Albuquerque Balloon Fiesta Day 1
October 5, 2002
Page 1

Well, I finally made it! After years of hearing my parents talk about the balloon fiesta I was able to make it out here this year. And let me tell you, hearing about it is nothing like actually being there! And just viewing the balloons from the spectator position is a world away from actually being part of the crew responsible for helping to get those beautiful balloons airborne! I learned sooooo much in the 8+ days I was priveleged to be able to participate in this amazing fiesta. Come with me on a journey through the heart of the Albuquerque International Balloon Fiesta.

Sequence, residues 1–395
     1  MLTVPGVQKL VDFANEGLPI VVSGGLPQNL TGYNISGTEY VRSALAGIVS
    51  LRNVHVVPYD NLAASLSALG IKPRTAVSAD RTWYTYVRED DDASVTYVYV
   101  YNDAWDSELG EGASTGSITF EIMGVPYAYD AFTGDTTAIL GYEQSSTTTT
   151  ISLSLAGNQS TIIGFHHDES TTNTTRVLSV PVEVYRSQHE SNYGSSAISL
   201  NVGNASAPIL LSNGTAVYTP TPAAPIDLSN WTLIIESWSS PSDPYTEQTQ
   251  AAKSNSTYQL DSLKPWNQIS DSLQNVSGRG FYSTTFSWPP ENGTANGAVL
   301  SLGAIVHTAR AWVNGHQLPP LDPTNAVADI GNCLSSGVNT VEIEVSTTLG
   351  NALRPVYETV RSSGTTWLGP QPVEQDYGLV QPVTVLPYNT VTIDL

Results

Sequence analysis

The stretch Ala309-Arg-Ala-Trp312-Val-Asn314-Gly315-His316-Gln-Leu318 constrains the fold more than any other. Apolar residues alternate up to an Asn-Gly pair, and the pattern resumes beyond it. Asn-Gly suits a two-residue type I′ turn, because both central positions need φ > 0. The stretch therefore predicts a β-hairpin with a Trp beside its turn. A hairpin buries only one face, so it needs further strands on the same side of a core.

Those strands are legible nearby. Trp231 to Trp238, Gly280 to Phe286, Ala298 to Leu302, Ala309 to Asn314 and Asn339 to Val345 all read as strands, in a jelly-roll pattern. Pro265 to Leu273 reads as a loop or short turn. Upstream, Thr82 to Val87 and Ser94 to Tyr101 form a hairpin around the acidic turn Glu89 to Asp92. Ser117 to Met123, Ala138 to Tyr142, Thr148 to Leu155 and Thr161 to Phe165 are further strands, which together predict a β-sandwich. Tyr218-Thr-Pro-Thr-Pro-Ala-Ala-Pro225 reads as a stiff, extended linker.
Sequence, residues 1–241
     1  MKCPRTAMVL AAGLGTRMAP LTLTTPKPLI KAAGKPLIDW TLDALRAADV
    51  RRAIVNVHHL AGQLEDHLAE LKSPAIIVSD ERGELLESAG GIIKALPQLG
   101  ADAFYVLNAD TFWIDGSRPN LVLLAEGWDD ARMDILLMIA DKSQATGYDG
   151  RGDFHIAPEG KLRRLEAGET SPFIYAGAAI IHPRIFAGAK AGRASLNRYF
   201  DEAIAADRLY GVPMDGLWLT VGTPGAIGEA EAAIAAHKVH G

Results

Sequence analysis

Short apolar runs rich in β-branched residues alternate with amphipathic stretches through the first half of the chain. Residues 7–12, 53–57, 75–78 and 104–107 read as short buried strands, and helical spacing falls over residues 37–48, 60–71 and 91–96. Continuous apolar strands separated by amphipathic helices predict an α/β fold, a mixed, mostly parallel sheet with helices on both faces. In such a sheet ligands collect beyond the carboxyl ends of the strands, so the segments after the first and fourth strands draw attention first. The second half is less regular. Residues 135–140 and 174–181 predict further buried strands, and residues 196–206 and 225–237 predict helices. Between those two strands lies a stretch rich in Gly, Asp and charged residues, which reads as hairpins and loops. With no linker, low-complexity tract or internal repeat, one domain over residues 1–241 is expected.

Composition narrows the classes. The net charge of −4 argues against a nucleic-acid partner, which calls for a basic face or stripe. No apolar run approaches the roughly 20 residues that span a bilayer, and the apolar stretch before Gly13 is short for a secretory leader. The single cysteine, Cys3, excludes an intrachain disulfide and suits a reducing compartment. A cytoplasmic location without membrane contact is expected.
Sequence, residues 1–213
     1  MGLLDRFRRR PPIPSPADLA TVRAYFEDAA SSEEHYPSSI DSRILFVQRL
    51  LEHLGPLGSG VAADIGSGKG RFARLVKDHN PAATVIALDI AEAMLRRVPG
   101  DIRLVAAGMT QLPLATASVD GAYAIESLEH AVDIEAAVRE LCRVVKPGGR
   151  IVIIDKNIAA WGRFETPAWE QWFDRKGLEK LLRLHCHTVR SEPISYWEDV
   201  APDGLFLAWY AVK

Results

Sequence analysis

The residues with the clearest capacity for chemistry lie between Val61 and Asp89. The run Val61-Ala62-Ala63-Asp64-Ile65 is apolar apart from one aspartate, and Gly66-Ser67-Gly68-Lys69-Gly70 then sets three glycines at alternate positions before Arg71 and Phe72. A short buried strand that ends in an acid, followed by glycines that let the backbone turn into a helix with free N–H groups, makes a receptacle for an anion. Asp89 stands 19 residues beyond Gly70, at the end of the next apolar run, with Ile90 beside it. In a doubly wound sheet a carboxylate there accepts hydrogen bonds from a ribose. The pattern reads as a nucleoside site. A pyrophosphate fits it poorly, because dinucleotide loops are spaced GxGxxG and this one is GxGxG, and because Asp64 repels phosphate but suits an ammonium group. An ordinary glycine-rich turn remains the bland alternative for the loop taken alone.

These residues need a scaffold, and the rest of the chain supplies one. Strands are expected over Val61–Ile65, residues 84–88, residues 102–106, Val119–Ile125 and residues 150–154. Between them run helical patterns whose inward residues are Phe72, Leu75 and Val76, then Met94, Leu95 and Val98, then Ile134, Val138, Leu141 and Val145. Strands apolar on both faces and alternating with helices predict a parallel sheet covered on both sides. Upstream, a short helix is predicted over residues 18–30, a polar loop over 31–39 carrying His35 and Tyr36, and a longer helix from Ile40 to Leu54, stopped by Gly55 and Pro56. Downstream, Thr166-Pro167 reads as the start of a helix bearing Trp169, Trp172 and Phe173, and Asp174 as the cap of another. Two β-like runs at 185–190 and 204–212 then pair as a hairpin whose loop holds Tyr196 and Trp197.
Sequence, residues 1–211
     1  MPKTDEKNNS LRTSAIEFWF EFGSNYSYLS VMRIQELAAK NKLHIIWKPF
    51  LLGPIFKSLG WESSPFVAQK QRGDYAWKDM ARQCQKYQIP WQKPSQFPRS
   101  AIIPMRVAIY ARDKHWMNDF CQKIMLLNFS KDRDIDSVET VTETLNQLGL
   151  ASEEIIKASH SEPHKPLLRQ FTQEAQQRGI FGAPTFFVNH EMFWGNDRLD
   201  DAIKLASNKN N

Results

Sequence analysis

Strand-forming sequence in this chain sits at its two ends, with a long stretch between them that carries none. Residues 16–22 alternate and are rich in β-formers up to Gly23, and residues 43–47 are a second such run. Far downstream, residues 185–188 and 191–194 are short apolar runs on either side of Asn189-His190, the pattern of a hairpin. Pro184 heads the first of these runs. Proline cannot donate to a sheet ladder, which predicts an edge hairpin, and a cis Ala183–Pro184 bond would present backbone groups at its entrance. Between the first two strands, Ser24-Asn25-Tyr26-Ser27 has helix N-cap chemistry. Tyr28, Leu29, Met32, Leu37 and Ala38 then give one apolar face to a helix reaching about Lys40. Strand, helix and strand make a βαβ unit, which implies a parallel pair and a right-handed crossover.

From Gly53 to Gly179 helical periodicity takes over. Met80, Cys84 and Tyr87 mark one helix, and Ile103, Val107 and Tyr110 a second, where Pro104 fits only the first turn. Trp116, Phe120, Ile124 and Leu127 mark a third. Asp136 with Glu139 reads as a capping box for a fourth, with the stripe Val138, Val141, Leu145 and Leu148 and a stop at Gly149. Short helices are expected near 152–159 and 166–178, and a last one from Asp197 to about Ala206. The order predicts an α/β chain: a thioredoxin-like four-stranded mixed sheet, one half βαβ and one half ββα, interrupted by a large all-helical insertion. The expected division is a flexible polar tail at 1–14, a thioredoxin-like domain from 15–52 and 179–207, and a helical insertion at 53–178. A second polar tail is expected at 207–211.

Fair warning, I was a bit over the top in regards to picture taking, so if you don't have a couple of hours on hand to view this album, you might want to be sure and bookmark it now so you can come back and finish up where you left off. And with that said, Away We Go!!

The day always starts with a dawn patrol and the pilot briefing where a small weather balloon (called a pi boll) is sent up to tell what the winds are like at different altitudes to know whether there will be good or not so good flying that day. After that the pilots find out which wave of balloons they'll be in that day. Once they make it back to the launch site it's time to get all the equipment ready for take-off. One of the most important parts of that equipment is the burners. They have to be in good working order and they're always tested prior to anything else. The picture to the right is one of our launch site partners (Air Bear) testing the burner on their balloon.